S&P 500 Has Now Corrected 20%, Slightly Worse Than 2011's Drawdown

Dec. 26, 2018 7:51 AM ETSPY, VOO, SH, SDS, IVV, SSO, SPXU, UPRO, SPXL, RSP, SPXS, VFINX, EPS, BXUB, SPLX, SPUU, BXUC, SFLA-OLD, SPDN, SPXE, SPXT, PPLC, SPXV, RYARX, SPXN, DMRL, RVRS, USMC20 Comments12 Likes
Brian Gilmartin, CFA profile picture
Brian Gilmartin, CFA
8.97K Followers

The S&P 500 has now corrected 20% peak-to-trough in less than 90 days, and is now roughly the same severity as the 2011 correction - (maybe slightly worse) in the benchmark, which was 19% and which qualifies as the worst drawdown since the 2008 bottom, if memory serves correctly.

  • 2011: the S&P 500 peaked in May '11 and bottomed in Oct '11, with the S&P 500 downgrade of the US credit rating, and peak-to-trough the correction was 19% over 5.5-6 months.
  • 2015-2016: the 2015-2016 lasted from May '15 to early Feb '16, but the S&P 500 only fell 15%-16%. High yield spreads blew out, the HYG bottomed at $75, and crude oil fell to $28.
  • 2018: this correction has been as severe as 2011 but in just 3 months' time, so it's probably thought to be worse than the sharpest post-2008 drawdown in 2011.

The point is not to start a trivia game for readers but just provide some perspective as to the "post-2008" drawdowns for the S&P 500.

I had thought the 2011 correction was a full 20%, but JPMorgan's excellent "Guide to the Markets" has that intra-year's decline at 19%.

Myriad reasons are being given for this correction: the constant litany of "causality" by the financial media doesn't stop. The shutdown won't help the headlines, but Fed monetary policy seems to be the most popular excuse, while I can't help but think the trade talks have to have created uncertainty for US companies, since 35% of the S&P 500 revenue is non-US. Then we have the Fed balance sheet contraction (technically part of monetary policy, but it really seems to be "quantitative tightening"), Brexit, which I think is a bigger deal than many think since the UK is the world's 5th largest economy, and China slowing (might be trade related with the US, might just be their faux capitalism) is a big deal since they are the world's 2nd largest economy now.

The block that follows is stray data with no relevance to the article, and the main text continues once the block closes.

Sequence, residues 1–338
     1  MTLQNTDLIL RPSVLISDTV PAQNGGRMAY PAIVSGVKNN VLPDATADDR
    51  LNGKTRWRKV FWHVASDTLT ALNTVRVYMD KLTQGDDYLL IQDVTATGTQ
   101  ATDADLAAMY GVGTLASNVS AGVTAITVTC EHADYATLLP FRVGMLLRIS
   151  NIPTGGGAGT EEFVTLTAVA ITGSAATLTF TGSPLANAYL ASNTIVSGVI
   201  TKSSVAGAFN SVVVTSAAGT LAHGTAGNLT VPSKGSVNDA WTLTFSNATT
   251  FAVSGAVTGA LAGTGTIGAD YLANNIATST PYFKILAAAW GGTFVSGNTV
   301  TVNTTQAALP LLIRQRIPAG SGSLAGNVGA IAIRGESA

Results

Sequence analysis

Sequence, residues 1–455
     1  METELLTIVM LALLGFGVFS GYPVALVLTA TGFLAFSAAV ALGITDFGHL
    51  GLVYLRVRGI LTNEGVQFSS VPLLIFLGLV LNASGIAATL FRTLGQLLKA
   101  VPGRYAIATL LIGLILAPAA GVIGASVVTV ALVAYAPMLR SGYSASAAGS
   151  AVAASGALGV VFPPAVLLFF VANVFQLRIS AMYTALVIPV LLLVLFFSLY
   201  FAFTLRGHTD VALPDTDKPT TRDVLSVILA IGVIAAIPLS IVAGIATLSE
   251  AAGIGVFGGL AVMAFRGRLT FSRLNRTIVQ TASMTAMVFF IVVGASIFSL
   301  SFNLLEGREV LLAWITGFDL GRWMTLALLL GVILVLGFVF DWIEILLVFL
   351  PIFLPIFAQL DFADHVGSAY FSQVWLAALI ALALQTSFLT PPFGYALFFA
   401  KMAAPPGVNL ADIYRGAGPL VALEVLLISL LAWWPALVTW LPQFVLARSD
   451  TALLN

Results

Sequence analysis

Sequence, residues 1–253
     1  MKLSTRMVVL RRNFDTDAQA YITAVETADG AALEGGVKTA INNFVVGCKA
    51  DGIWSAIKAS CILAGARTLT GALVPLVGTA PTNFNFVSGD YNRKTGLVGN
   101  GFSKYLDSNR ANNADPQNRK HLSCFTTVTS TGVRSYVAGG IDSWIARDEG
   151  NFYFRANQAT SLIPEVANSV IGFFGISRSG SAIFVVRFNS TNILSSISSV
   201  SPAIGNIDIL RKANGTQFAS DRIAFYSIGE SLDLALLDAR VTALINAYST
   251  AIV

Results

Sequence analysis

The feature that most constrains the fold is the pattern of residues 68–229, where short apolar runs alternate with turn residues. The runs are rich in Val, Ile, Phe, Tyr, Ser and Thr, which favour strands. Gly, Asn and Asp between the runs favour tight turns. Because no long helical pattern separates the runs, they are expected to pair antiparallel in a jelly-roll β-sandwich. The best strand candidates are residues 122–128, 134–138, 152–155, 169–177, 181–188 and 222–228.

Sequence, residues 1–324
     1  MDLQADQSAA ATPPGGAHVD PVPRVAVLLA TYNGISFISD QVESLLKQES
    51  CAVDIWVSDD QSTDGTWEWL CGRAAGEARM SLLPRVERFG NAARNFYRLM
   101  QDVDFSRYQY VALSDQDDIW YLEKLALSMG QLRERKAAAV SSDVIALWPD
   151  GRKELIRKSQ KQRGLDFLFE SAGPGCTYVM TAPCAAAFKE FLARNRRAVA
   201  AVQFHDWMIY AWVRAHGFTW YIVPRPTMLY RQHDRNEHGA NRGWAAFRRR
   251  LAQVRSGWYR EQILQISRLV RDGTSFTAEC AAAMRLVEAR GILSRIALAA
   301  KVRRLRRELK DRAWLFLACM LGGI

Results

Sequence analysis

Summary/Conclusion: The S&P 500 fell 300 points in October '18, bottomed near 2,600 and then had a monster rally to end the month. Christmas Eve's pullback was ugly, the worst Christmas Eve ever for the S&P 500, and if you look at the action, it looks some institution is ready to go under, like the 80s with Continental Bank, or Long-Term Capital in the fall of 1998.

Looking at the "intra-year" decline data for the S&P 500 from JPMorgan, there has only been 5 years since 1980 where the S&P 500 has had more than 20% drawdown peak-to-trough, and three of those were the decade from 2000 to 2009. There has been a handful of other years where the drawdowns were in the "high teens" percentage.

What's more interesting is that in the 38 years from 1980 to 2018, the S&P 500 has had a positive return 29 of the 38 years per the JPMorgan data.

The point being that 2018 could end with a negative return for the S&P 500 (highly likely now) and a 20% drawdown together.

Remember what last year was like at this time? The S&P 500 ended 2017 +22%, and everyone was bullish, while bitcoin was the rage.

Things can change both positively and negatively in a hurry.

Thanks for reading.

This article was written by

Brian Gilmartin, CFA profile picture
8.97K Followers
Brian Gilmartin, is a portfolio manager at Trinity Asset Management, a firm he founded in May, 1995, catering to individual investors and institutions that werent getting the attention and service deserved, from larger firms. Brian started in the business as a fixed-income / credit analyst, with a Chicago broker-dealer, and then worked at Stein Roe & Farnham in Chicago, from 1992 - 1995, before striking out on his own and managing equity and balanced accounts for clients. Brian has a BSBA (Finance) from Xavier University, Cincinnati, Ohio, (1982) and an MBA (Finance) from Loyola University, Chicago, January, 1985. The CFA was awarded in 1994. Brian has been fortunate enough to write for the TheStreet.com from 2000 to 2012, and then the WallStreet AllStars from August 2011, to Spring, 2012. Brian also wrote for Minyanville.com, and has been quoted in numerous publications including the Wall Street Journal.
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